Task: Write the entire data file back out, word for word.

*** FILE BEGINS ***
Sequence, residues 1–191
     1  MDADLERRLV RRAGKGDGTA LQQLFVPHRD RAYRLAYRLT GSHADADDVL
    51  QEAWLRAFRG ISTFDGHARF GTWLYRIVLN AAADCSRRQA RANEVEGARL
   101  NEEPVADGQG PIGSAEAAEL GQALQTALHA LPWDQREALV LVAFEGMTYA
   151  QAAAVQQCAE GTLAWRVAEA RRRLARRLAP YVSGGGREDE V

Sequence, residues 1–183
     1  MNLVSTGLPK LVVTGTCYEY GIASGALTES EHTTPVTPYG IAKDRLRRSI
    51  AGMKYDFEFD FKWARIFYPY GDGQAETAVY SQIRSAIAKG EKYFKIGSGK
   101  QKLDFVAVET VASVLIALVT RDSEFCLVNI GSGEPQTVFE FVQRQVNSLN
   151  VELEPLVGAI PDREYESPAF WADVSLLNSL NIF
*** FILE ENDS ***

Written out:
Sequence, residues 1–191
     1  MDADLERRLV RRAGKGDGTA LQQLFVPHRD RAYRLAYRLT GSHADADDVL
    51  QEAWLRAFRG ISTFDGHARF GTWLYRIVLN AAADCSRRQA RANEVEGARL
   101  NEEPVADGQG PIGSAEAAEL GQALQTALHA LPWDQREALV LVAFEGMTYA
   151  QAAAVQQCAE GTLAWRVAEA RRRLARRLAP YVSGGGREDE V

Sequence, residues 1–183
     1  MNLVSTGLPK LVVTGTCYEY GIASGALTES EHTTPVTPYG IAKDRLRRSI
    51  AGMKYDFEFD FKWARIFYPY GDGQAETAVY SQIRSAIAKG EKYFKIGSGK
   101  QKLDFVAVET VASVLIALVT RDSEFCLVNI GSGEPQTVFE FVQRQVNSLN
   151  VELEPLVGAI PDREYESPAF WADVSLLNSL NIF